Biohazards are not all the same. While all are hazardous some are more hazardous or dangerous than others. Low level biohazards can cause symptoms similar to those caused by food poisoning. More serious biohazards can cause diseases such as measles, mumps and even influenza but because millions of childhood vaccinations have been given, the danger of these biohazards is still relatively low.
When humans are required to work with bacteria associated with SARS, malaria and TB, the work environment is sealed and full protective clothing is worn. In addition modern medicine has antidotes for these biohazards should they cause an infection.
Finally some biohazards can cause injury and death to animals though not to humans. Bird flu and Ebola are two examples of the possible consequences of some biohazards. But the average person will rarely if ever find themselves in a situation where such biohazards are present.
The short answer is because it’s the law. Around the world many governments have passed legislation making it illegal to smoke in most public places including workplaces. Employers are obliged to inform all employees of the law. Signage must be visible and the company policy circulated to all current and new workers. The message is clear – Smoking is banned in the workplace.
The reason governments have banned smoking is because of the health risks. Not only is smoking linked directly to premature death but absenteeism, sick leave and incomplete work practices are all linked to the effects of smoking. The whole issue of smoking is seen as an issue of public health. In the current language, smoking has become a matter of health and safety in the workplace.
The penalties for non-compliance can apply to the smoker and to their employer. It is an offence to smoke, to not have appropriate signage and to allow smoking to take place in the workplace.
Another major reason for banning workplace smoking is to provide all workers, and especially non-smokers, with a smoke-free environment.
While the law does provide for penalties, employers are encouraged to offer employees who smoke advice and opportunity to quit. The good health of all workers is in everyone’s interest.
There are five types and all are colour coded. All extinguishers are required to be red with the appropriate colour band to denote its contents.
The most common extinguisher, all red, is the Class A extinguisher. It’s the most widely used and the cheapest. It is used to fight fires involving paper, cardboard, wood and most plastics. These extinguishers contain water and are not to be used on electrical fires.
Foam fire extinguishers with a colour band of cream can be used on flammable liquid fires caused by petrol/gasoline and oil. These are known as Class B extinguishers and can also be used on fires fought with a Class A extinguisher. Foam extinguishers are not recommended for fighting electrical fires although they are safer than water based extinguishers.
Dry powder fire extinguishers with a colour band of blue are sometimes referred to as the multi-purpose extinguisher because they can be used to fight Class A, B and C fires. Class C fires are those involving gases such as butane, methane and propane.
Class D fires are those involving metals and for which a special dry powder is used.
CO2 fire extinguishers with a colour band of black contain carbon dioxide and are used to fight fires involving electrical appliances. These are known as Class E fires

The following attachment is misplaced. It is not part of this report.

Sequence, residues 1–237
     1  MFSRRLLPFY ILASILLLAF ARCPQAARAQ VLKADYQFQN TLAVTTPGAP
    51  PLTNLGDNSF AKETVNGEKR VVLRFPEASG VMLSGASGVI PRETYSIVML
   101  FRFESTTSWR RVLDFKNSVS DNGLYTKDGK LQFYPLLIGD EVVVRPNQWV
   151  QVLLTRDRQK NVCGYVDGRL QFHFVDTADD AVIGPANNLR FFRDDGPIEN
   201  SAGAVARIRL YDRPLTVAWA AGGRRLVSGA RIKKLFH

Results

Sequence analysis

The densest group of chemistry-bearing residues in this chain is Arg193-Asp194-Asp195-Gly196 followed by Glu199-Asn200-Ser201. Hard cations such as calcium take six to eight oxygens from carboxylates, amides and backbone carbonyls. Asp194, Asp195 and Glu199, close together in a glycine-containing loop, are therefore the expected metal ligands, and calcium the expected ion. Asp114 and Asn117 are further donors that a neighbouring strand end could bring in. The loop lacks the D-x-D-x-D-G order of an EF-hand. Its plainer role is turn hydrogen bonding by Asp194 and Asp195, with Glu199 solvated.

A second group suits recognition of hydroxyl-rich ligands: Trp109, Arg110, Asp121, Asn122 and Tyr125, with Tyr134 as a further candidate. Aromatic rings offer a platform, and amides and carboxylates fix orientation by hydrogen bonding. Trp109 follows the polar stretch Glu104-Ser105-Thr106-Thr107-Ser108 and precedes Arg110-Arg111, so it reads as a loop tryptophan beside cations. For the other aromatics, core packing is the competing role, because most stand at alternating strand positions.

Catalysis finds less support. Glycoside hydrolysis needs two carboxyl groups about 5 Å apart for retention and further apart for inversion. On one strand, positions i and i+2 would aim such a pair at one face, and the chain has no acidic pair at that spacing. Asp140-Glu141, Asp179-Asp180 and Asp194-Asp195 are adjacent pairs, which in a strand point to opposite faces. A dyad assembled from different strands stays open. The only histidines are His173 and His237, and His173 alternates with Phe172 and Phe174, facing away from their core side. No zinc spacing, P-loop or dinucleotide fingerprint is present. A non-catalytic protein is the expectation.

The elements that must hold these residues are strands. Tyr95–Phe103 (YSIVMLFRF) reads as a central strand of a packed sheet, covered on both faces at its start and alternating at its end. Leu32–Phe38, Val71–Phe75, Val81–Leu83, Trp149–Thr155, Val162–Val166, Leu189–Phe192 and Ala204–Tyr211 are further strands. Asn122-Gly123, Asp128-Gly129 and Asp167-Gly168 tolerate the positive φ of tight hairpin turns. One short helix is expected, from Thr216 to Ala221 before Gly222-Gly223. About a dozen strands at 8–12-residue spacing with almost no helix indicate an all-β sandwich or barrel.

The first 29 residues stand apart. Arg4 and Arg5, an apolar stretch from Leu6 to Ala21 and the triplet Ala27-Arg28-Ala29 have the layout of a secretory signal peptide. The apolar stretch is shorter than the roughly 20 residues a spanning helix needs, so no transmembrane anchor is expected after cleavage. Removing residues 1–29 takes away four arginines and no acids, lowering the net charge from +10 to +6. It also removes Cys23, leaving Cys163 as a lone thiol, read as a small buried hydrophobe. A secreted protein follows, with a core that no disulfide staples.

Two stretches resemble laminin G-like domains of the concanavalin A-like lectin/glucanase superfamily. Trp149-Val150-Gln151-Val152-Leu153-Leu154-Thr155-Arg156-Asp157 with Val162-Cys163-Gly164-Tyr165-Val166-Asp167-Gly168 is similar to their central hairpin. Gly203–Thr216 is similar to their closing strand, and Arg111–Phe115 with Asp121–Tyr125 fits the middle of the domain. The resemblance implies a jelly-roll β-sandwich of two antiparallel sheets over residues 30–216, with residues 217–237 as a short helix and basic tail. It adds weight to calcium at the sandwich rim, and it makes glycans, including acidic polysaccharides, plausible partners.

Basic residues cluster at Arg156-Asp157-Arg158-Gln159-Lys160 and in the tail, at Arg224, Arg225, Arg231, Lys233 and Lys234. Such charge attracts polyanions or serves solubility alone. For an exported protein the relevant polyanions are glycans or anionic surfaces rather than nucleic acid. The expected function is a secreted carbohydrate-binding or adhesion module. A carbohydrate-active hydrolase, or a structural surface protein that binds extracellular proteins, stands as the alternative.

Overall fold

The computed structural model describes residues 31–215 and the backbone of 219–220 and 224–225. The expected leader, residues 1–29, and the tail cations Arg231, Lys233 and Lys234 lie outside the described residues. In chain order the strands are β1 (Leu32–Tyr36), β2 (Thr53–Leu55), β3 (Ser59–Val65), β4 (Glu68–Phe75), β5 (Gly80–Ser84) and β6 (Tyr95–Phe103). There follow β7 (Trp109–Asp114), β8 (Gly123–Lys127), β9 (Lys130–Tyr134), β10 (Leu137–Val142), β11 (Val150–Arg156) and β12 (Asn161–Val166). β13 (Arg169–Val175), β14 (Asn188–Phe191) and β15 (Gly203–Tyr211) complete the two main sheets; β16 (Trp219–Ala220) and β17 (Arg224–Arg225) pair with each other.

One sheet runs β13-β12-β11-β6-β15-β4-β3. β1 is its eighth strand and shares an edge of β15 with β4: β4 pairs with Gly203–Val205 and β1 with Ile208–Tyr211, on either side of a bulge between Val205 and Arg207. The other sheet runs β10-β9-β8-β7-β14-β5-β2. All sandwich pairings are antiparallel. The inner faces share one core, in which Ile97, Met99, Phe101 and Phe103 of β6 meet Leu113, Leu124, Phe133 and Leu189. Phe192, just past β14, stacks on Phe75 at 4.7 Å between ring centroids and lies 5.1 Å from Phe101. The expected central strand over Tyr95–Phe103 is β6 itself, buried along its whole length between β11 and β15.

The most obvious reason is to save lives. If a person has a heart attack or other serious health problem, the quicker the patient receives help the better their chances of [a] staying alive and [b] limiting the damage to their body. There can be no greater reason for having someone on staff who knows what to do in such an emergency and can help the patient until professional medical help arrives.
CPR [a Cardiopulmonary Resuscitation Course] is a procedure that anyone can learn and apply in an emergency. This means you can assist a person – adult or child – to maintain breathing and circulation following cardiac arrest. In a serious emergency, every second counts.
But there are many other medical issues which can happen in an office. Someone can be scalded by a hot drink or cut or scratch themselves with paper, scissors, a stapler, etc. Being able to correctly stop some bleeding and then know how to dress and bandage a wound is important.
A first aid specialist can also remove dangerous situations in the office allowing prevention to be better than cure. Just making sure that the first aid kit is well stocked and readily available is another important factor and also ensure you have first aid signs pointed in the right places within the office.
Remember medical emergencies are never planned, they just happen.
Fires can be deadly. Smoke can suffocate and ‘blind’ people and flames of course are equally as deadly. It is essential that all public buildings have fire exit signs. Many advocate that even homes should have exit signs as well.
To begin, government regulations require building owners to have fire exit signs clearly and prominently displayed. So too a map by the elevator or lift wells should clearly show exits in time of an emergency.
It might be that people have worked in a building for a long time. But even so, a fire emergency can cause panic. If people have a rapidly rising heartbeat and become seriously afraid, sensible decision-making can go out the window. If a person in the building is new to the environment, then they will have little if any idea of where to exit the building.
That alone demonstrates why fire exit signs are essential. And the signs should be simple and well placed. Fire drills for regular occupants are also an excellent idea.
Many buildings have safety or fire doors. These are closed in the event of a fire thus stopping the fire from spreading throughout the building. Now if a person goes to one of these locked doors in trying to exit the building, imagine their added panic at feeling they are trapped. If there are clear arrows and fire exit signs throughout the corridors, a safe and sensible exit is possible.
By Cluboo Cluboo Web Directory